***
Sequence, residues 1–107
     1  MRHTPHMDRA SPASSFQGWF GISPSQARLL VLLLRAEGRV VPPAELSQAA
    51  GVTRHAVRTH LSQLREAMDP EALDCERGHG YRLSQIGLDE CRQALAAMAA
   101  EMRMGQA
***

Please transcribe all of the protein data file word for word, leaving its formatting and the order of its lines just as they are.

Sequence, residues 1–107
     1  MRHTPHMDRA SPASSFQGWF GISPSQARLL VLLLRAEGRV VPPAELSQAA
    51  GVTRHAVRTH LSQLREAMDP EALDCERGHG YRLSQIGLDE CRQALAAMAA
   101  EMRMGQA